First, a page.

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Six Colors

by Jason Snell & Dan Moren

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Mars litters so much dust you can see it

Scientific discoveries often come from surprising places. Lonnie Shekhtman of NASA:

Look up to the night sky just before dawn, or after dusk, and you might see a faint column of light extending up from the horizon. That luminous glow is the zodiacal light, or sunlight reflected toward Earth by a cloud of tiny dust particles orbiting the Sun. Astronomers have long thought that the dust is brought into the inner solar system by a few of the asteroid and comet families that venture in from afar.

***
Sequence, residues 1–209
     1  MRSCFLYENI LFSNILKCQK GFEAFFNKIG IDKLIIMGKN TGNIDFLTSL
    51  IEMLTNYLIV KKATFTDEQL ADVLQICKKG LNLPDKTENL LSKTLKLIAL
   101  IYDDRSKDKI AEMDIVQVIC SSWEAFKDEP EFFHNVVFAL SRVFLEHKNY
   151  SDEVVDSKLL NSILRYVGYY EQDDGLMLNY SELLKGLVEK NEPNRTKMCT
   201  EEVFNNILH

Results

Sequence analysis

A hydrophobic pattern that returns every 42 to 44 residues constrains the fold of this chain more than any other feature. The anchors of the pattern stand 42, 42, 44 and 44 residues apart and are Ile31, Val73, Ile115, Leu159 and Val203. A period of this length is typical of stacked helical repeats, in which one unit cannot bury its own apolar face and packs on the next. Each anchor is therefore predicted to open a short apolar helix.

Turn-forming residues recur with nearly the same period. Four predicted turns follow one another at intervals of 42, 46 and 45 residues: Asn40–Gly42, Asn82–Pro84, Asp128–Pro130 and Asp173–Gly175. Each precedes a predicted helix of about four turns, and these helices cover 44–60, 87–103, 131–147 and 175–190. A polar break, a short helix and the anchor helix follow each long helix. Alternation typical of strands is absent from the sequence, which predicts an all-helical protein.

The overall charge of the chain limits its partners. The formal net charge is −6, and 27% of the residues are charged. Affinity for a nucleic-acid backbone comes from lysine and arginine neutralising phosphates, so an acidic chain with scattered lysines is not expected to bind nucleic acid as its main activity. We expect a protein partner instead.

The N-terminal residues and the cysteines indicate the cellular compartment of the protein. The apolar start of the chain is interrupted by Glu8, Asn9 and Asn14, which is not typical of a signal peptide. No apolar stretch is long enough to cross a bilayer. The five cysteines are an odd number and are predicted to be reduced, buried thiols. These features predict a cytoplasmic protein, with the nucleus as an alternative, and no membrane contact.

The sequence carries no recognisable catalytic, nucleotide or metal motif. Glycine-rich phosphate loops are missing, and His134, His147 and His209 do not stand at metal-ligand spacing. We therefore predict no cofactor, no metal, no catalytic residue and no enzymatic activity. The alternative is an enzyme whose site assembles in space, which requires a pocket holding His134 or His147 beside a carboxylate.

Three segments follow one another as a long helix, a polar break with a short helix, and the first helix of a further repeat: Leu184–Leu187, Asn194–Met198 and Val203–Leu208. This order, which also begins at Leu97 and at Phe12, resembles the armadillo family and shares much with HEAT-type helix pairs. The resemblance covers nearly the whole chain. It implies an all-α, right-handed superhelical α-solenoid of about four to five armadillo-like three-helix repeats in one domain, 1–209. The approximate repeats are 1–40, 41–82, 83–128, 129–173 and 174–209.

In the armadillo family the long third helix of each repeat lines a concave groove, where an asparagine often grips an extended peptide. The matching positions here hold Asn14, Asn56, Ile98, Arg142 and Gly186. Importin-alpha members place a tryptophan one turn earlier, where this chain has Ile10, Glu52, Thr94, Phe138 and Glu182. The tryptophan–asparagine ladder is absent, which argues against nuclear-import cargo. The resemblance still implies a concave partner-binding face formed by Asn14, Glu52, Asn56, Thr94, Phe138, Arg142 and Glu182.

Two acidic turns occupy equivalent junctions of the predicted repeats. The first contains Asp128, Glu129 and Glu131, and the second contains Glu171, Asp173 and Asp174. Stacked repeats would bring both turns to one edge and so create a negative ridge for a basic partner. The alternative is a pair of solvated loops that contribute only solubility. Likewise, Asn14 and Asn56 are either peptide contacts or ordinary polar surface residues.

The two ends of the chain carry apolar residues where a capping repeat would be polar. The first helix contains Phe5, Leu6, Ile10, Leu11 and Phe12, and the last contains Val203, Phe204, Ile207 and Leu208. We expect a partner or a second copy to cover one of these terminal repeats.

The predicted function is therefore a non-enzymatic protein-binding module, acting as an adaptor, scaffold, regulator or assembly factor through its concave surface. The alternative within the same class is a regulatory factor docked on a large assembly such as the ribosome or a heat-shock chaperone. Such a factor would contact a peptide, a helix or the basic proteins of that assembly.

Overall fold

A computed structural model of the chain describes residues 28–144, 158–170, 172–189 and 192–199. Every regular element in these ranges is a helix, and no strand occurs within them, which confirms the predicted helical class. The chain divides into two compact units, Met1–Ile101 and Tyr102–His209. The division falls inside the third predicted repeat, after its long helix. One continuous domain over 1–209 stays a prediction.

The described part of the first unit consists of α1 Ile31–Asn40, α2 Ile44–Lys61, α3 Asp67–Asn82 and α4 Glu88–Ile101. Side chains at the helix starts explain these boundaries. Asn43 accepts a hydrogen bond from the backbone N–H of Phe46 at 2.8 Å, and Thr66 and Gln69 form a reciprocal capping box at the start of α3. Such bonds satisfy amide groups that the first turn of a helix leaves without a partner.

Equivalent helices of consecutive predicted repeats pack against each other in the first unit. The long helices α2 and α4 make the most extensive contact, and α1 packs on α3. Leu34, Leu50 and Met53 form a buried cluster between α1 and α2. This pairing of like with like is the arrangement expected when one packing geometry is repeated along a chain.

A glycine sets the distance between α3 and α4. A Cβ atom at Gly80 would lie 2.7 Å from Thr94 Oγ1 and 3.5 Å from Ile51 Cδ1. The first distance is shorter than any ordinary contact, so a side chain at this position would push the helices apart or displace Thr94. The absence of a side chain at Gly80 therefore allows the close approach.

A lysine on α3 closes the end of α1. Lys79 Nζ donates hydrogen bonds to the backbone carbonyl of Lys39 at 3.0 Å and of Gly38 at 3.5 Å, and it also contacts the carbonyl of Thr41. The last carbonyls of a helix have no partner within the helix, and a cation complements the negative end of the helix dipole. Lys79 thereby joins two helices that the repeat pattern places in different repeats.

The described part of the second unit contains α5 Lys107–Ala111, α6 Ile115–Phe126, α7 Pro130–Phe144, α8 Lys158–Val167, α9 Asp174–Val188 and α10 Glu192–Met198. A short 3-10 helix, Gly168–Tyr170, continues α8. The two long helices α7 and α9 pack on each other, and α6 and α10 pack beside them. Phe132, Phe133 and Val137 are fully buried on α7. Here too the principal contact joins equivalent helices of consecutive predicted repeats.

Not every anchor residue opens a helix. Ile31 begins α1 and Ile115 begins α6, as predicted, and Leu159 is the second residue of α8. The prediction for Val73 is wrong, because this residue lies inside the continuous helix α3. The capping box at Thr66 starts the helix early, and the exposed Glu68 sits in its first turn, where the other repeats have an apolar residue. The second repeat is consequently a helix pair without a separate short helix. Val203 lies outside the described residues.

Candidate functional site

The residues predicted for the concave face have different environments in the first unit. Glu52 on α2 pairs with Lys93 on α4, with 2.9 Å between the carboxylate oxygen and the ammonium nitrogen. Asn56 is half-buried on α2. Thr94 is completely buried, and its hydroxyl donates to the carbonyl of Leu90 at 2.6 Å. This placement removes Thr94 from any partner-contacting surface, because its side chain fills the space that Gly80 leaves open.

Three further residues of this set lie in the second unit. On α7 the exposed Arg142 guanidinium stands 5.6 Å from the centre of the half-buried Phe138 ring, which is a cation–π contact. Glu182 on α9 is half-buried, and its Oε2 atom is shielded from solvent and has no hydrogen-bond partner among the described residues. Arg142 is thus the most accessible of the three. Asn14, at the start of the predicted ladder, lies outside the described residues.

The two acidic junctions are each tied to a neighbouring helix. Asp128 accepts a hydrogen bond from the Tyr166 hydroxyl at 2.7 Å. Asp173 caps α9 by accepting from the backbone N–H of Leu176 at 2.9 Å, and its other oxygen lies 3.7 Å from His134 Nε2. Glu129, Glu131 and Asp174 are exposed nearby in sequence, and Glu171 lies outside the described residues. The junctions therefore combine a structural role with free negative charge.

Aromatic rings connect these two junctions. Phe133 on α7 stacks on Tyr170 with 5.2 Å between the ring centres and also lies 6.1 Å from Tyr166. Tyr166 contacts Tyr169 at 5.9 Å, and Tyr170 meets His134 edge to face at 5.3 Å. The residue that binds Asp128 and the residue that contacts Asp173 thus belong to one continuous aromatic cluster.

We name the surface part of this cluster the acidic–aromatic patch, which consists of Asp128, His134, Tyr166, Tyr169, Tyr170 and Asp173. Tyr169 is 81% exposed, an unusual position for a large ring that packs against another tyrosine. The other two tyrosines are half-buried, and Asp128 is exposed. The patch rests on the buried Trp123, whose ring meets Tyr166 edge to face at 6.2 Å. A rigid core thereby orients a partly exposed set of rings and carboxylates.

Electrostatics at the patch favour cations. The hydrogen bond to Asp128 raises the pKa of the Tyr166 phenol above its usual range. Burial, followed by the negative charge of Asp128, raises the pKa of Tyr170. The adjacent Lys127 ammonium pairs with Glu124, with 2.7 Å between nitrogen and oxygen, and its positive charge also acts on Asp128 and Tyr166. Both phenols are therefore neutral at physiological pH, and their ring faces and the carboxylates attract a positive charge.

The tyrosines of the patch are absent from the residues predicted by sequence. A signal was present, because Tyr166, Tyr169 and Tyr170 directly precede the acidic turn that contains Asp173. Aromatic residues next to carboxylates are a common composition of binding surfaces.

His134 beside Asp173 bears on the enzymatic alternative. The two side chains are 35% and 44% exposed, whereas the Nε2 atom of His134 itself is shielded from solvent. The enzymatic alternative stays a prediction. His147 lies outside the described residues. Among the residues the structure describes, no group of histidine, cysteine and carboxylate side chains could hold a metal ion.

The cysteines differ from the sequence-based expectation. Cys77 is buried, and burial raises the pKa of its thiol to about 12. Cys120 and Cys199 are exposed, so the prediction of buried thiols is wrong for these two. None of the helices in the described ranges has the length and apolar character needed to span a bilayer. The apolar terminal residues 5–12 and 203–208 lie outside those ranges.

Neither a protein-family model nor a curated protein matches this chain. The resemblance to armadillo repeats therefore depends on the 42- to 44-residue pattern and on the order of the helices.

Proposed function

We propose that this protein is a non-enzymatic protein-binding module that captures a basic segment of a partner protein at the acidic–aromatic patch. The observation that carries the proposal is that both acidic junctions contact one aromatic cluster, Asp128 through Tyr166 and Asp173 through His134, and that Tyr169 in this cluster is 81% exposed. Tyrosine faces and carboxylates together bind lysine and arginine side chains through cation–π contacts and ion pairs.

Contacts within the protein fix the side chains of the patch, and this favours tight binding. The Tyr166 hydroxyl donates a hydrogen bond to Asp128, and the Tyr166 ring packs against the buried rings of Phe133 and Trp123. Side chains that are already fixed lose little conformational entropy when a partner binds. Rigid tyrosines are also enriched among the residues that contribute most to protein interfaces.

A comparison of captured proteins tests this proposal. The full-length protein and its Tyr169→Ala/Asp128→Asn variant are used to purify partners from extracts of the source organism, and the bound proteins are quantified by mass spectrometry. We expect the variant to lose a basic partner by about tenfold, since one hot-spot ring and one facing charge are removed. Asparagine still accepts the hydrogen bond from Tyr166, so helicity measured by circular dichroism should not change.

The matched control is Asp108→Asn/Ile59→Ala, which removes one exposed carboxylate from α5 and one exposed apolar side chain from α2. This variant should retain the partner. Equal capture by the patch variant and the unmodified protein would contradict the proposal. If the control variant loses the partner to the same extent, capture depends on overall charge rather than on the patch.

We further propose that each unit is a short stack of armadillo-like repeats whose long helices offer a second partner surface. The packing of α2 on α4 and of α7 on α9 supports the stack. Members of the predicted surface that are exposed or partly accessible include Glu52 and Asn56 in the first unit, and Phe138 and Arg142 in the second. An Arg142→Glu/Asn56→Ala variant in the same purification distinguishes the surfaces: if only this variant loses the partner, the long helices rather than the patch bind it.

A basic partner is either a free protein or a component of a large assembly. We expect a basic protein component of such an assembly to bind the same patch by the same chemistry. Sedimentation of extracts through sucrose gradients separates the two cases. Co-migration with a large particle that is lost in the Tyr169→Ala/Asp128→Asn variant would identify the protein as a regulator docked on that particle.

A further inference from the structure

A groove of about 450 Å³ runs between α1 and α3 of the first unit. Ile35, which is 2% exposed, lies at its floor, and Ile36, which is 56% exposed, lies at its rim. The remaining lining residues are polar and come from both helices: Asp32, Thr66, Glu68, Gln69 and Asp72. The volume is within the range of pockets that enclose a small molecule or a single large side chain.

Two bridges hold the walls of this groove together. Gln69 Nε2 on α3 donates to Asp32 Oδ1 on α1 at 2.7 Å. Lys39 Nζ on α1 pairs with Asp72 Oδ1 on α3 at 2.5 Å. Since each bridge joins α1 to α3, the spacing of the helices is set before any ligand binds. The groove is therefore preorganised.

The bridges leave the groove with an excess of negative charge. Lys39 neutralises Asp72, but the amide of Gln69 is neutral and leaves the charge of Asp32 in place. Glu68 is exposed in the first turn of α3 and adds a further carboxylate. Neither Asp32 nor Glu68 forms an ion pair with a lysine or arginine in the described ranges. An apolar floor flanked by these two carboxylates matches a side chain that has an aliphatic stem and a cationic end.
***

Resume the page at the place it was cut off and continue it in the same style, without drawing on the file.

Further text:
But now, a team of Juno scientists argues that Mars may be the culprit.

It’s an amazing story that involves a mission to Jupiter getting pelted by high-speed dust particles and an instrument meant to be measuring one thing that ended up measuring something quite different. The result, it seems, is that Mars dust pollutes our part of the solar system, so much so that at the right time of day you can see it.

—Linked by Jason Snell

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